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The gruesome killing of Jamal Khashoggi inside the Saudi consulate in Istanbul sparked global outrage against the ultra-conservative kingdom. Shortly after Khashoggi disappeared, all evidence indicated that the Saudi crown prince Mohammad bin Salman – known as MBS – ordered the assassination and dismemberment of Khashoggi’s body. MBS vehemently denied the accusations, initially claiming that Khashoggi died after an argument descended into a fist-fight inside the consulate.
Most observers were skeptical of MBS’s version of events, which they say amounts to little more than an inadequate cover story. After all, the Saudis never produced a body or a shred of evidence to support their claim. The most certain scenario was that Khashoggi was killed for writing columns critical of MBS in the Washington Post.
The allegations were confirmed after Sky News reported that the remains of Khashoggi’s body were found in the garden of the consulate. CNN also published surveillance footage that showed one of the members of the Saudi hit-squad walking out of the consulate disguised in Khashoggi’s clothes.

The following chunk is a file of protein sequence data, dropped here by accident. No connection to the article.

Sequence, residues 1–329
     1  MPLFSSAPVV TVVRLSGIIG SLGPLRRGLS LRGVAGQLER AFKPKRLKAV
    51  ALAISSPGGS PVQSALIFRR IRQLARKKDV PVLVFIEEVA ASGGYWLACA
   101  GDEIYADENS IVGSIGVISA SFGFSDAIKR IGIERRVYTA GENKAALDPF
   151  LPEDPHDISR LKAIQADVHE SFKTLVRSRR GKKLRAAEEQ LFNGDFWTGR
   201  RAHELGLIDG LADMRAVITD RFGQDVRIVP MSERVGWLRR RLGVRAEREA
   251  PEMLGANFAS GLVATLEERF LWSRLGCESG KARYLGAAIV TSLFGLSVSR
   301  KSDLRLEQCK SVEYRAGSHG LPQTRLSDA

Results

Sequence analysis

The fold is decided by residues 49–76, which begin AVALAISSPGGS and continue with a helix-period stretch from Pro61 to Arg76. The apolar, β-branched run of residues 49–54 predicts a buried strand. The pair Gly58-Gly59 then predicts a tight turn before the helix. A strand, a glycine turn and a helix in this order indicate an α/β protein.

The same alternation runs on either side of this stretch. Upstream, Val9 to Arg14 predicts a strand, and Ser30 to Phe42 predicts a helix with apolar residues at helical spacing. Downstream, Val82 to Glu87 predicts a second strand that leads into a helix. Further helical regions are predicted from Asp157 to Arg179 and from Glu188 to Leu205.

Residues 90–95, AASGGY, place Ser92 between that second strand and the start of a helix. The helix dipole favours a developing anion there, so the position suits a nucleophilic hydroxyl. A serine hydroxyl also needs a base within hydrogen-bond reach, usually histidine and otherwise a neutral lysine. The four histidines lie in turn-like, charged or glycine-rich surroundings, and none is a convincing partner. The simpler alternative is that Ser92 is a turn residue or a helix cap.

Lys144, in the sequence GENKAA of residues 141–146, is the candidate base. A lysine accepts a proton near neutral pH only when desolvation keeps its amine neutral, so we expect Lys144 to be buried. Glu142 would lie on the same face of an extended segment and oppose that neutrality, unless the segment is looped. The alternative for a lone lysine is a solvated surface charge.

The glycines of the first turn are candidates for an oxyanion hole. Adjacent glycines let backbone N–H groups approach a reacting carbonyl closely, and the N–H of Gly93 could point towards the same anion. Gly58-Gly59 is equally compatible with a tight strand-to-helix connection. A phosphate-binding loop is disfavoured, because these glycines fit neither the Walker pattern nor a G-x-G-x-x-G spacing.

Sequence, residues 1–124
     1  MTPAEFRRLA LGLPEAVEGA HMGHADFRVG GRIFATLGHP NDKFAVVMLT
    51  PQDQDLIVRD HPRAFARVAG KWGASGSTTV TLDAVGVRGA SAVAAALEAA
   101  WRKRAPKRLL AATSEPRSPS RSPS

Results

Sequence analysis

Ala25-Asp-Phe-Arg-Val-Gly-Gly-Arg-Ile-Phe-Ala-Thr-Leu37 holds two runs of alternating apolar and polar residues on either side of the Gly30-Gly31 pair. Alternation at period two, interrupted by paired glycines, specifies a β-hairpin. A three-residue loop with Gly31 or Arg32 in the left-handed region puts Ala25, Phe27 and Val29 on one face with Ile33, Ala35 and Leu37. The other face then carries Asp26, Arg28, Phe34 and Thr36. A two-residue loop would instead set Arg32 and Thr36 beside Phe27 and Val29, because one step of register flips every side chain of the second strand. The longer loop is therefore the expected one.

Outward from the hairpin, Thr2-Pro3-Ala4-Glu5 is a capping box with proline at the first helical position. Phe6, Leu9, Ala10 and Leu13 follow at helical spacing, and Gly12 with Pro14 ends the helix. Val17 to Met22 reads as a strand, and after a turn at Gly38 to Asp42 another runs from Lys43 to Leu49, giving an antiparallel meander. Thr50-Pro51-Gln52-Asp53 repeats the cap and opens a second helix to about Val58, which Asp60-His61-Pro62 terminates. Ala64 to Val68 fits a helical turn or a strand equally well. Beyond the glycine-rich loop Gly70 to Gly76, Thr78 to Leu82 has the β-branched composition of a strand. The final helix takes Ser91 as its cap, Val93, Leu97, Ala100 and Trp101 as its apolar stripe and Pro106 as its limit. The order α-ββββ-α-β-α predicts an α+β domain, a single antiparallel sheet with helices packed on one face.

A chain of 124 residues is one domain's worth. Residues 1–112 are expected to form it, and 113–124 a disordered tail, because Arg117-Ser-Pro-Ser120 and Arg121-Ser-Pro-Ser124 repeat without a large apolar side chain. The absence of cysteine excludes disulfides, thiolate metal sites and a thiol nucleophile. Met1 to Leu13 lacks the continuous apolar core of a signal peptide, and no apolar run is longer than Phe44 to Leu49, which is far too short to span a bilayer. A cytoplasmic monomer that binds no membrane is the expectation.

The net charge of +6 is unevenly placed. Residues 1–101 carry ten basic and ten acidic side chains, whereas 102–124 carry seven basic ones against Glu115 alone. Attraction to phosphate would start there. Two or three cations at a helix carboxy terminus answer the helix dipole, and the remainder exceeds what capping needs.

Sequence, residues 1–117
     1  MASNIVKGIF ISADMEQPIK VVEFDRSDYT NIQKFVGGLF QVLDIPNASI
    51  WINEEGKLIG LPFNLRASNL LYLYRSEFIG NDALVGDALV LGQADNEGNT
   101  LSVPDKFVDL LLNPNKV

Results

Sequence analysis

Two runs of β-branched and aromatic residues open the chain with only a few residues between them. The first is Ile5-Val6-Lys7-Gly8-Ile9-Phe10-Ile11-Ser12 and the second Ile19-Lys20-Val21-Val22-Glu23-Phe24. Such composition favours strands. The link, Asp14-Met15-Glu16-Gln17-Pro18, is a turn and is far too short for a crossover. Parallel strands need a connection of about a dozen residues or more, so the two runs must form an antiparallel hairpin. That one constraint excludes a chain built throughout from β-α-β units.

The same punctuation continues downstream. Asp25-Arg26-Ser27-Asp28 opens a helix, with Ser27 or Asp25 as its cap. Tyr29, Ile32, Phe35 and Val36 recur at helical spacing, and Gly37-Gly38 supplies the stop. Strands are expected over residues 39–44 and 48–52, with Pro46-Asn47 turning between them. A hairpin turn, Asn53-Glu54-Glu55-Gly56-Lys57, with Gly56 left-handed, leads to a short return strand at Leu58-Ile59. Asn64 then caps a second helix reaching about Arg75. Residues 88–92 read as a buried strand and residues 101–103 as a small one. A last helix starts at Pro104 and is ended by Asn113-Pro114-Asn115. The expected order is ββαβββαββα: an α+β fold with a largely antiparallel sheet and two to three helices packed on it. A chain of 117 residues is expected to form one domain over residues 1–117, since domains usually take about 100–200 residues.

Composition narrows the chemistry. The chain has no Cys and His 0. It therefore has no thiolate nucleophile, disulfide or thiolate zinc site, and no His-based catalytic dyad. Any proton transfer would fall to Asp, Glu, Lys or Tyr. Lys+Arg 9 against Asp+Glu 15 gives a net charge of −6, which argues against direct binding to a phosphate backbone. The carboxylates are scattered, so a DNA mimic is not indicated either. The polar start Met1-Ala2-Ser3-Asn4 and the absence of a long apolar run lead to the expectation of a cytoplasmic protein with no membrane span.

The brutal murder now threatens to undo MBS’s ambitious plans to reform the kingdom. Just one year ago, he revealed to dozens of CEOs and investors his big plan to build a $500 billion metropolis. At the time, many were convinced that MBS was committed to creating an open environment that would appeal to investors.
But the news of Khashoggi has alarmed CEOs and investors, deterring many from following through with their business ventures in the kingdom. British billionaire Richard Branson was one of the first executives to suspend two tourism projects in the Red Sea following reports of Khashoggi’s unexplained disappearance. He also cancelled talks with the kingdom over a possible investment in space companies, priced at more than $1 billion dollars.
“I had high hopes for the current government… and its leader, Crown Prince Mohammed bin Salman,” Branson said in a statement. “What has reportedly happened in Turkey… if proven to be true, would clearly change the ability of any of us in the West to do business with the Saudi government.”
Dozens of other technology, media, and financial honchos elected to pull out of the Saudi-led conference, which took place at the end of October and was dubbed the “Future Investment Initiative.” The heads of the multinational bank JPMorgan Chase and asset management giant Blackstone Group were among the highest profile executives to pull out.
The move by JPMorgan could harm its standing in Saudi Arabia. The bank has helped the kingdom sell large bonds, including a deal that awarded Saudi Arabia $11 billion. More significantly, Saudi Arabia hired the bank to advise it on privatising large chunks of its state-owned oil sector. The crux of that plan is to offer a part of Aramco, which remains the world’s largest oil company.